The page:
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Five Eye Care Tips for Allergy Sufferers

Woman Pouring Medicine Drops In Eyes

Do allergies cause your eyes to feel itchy, dry, and irritated? Perhaps they also appear red and puffy. These symptoms are known as allergic conjunctivitis, which is a common response to allergens like pollen, pet dander, mold spores, and dust mites. The number one way to alleviate your symptoms is to reduce your exposure to allergens. Also, follow these eye care tips for allergy sufferers to keep your eyes more comfortable.

1. Switch to Daily Lenses

Allergens often build up on the surface of your contact lenses. Even if you clean the lenses carefully, some allergen particles may remain and then be reintroduced to your eyes the next time you insert the lenses. Consider switching to daily lenses, at least during peak allergy season. With daily lenses, you also don't have to worry about protein buildup on the lenses irritating your eyes and exacerbating your allergy symptoms. 

2. Keep Glasses On Hand

On days when your eyes are especially irritated, don't wear your contacts at all. Switch to glasses, which don't trap allergen particles in your eyes or restrict air flow like contact lenses do. Make sure you have a pair of properly-fitting glasses with lenses in your current prescription strength. Carry them with you daily, and also bring along your contact lens case. This way, if your eyes become too irritated, you can always remove your contacts and switch to glasses partway through the day.

3. Use Medicated Eye Drops

While taking oral allergy medications is a good starting point, sometimes you need a little extra help treating allergic conjunctivitis. There are both prescription and over-the-counter eye drops for treating allergies. They contain antihistamines, which work by blocking the action of the proteins your body produces to trigger allergy symptoms.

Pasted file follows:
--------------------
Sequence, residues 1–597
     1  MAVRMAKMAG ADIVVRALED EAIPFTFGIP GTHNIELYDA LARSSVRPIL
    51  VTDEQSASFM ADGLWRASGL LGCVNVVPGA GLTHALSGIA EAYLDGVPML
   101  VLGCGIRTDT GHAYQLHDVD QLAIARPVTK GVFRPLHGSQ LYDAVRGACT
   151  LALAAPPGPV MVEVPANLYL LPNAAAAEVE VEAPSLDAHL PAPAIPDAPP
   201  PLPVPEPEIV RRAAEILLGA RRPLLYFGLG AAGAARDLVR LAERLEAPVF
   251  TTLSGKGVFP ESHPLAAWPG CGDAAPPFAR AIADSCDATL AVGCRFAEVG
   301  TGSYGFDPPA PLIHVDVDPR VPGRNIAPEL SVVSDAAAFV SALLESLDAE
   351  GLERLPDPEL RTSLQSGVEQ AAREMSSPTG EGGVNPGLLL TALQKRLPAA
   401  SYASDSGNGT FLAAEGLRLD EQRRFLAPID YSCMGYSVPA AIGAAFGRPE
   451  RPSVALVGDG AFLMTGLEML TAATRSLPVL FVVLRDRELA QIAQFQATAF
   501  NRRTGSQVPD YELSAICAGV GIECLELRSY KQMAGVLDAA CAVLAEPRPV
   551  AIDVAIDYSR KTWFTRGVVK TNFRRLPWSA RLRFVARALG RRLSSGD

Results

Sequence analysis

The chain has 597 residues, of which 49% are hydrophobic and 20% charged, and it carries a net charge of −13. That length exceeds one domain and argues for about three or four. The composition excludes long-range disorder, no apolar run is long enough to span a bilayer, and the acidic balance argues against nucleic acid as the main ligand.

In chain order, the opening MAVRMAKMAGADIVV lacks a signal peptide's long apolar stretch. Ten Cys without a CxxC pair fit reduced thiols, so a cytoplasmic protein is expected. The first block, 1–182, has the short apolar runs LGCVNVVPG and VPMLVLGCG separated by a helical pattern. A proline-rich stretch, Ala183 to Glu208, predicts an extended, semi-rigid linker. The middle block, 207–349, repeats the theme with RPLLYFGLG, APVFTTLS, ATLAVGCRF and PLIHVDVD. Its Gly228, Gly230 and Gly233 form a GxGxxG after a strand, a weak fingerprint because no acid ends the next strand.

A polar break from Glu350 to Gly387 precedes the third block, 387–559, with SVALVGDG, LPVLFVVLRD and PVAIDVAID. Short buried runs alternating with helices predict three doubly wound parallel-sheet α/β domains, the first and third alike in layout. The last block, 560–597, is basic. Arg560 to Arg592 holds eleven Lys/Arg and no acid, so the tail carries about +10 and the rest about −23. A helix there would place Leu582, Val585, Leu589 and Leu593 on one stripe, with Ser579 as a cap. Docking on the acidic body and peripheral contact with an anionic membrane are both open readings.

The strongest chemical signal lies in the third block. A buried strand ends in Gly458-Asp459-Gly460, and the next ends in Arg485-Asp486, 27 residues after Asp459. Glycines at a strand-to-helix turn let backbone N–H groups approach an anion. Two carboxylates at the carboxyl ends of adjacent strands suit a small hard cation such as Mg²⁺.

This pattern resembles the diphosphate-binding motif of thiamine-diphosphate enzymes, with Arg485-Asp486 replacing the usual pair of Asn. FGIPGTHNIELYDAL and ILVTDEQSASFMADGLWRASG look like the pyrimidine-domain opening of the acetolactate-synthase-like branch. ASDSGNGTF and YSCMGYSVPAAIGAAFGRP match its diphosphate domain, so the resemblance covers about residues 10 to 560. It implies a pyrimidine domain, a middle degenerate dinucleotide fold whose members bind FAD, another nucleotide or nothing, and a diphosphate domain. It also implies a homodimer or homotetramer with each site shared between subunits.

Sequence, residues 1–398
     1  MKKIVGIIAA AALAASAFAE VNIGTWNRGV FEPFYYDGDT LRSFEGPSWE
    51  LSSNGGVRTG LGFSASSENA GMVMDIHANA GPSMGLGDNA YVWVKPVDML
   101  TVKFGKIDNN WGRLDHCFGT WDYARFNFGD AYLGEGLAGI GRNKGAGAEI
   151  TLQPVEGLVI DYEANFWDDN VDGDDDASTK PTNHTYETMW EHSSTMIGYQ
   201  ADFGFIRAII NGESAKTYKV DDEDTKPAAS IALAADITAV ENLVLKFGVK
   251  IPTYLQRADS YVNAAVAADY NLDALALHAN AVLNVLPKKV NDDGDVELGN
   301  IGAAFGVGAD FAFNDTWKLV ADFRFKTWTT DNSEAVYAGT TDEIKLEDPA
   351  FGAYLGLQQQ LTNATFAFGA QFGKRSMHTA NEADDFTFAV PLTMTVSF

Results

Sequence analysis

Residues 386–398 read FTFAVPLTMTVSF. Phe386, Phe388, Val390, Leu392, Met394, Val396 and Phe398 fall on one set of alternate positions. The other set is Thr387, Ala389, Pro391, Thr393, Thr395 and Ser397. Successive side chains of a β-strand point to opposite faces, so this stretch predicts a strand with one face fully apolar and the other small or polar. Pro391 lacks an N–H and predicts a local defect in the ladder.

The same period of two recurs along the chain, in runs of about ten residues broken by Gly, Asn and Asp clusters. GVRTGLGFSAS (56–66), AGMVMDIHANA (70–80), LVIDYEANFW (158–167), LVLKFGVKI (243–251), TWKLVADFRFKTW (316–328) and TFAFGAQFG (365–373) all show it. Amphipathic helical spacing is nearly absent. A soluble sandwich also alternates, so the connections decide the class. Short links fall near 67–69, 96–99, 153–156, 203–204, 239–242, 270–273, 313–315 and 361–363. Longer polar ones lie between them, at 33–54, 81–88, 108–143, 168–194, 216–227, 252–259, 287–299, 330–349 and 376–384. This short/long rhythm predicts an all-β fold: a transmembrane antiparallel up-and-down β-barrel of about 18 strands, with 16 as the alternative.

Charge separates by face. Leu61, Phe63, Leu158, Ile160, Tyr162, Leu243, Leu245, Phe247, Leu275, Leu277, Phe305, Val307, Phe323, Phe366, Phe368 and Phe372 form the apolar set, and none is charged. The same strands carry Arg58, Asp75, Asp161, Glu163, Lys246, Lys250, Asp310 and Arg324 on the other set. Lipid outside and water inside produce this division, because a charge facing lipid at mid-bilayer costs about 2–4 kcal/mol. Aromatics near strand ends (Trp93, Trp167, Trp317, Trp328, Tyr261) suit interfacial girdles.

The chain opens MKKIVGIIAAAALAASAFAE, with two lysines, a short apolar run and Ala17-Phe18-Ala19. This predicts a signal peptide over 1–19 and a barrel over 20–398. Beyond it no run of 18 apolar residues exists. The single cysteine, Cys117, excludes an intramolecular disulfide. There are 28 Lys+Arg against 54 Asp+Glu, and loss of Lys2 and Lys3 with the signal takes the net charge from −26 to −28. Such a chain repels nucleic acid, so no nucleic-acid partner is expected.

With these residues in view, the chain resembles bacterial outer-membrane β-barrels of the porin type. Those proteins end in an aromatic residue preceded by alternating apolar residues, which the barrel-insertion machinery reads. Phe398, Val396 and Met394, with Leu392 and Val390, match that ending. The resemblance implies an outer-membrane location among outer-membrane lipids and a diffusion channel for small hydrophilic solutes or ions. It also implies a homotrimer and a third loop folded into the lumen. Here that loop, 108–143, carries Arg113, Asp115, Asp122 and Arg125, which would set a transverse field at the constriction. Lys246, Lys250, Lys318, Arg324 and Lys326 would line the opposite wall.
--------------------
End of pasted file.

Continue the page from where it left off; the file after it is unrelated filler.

Try over-the-counter eye drops first. If you don't experience relief, talk to your doctor about prescription eye drops for allergy symptoms. Most medicated eye drops require that you remove your contact lenses before use. This is another good reason to always carry your glasses and contact case with you. 

4. Apply Cold Compresses

When your allergy symptoms become particularly bad, remove your contacts and hold a cold compress against your eyes. You can make a cold compress by wrapping a bag of ice in a small cloth or towel. A washcloth soaked with cold water also works. Close both of your eyes, and then hold the compress gently over them. Only keep the compress in place for 20 minutes at a time.

The cold compress helps reduce inflammation and redness around your eyes. Make sure you wash the washcloth or towel after every use to avoid re-introducing allergies to your eyes.

5. Wash Your Hands

Always wash your hands thoroughly and completely before touching your eyes. Do so before inserting or removing contacts, before applying a cold compress to your eyes, before inserting eye drops, and before itching or rubbing your eyes. Many patients with allergic conjunctivitis make the problem worse by introducing additional allergen particles to their eyes whenever they touch them.

Wash your hands often throughout the day as well. You may touch your face or eyes without realizing it, and washing your hands often reduces the number of allergen particles you introduce to your eyes when doing so.

By following the tips above, you can keep your eyes more comfortable in the presence of allergens. If you're in need of new glasses or contacts, visit Fraser Optical to explore our selections. We offer brand name eyeglasses from brands like Flexon, Fossil, and Kate Spade, along with daily wear contact lenses. We also offer eye exams for the whole family and are happy to discuss allergic conjunctivitis and other eye health problems with you.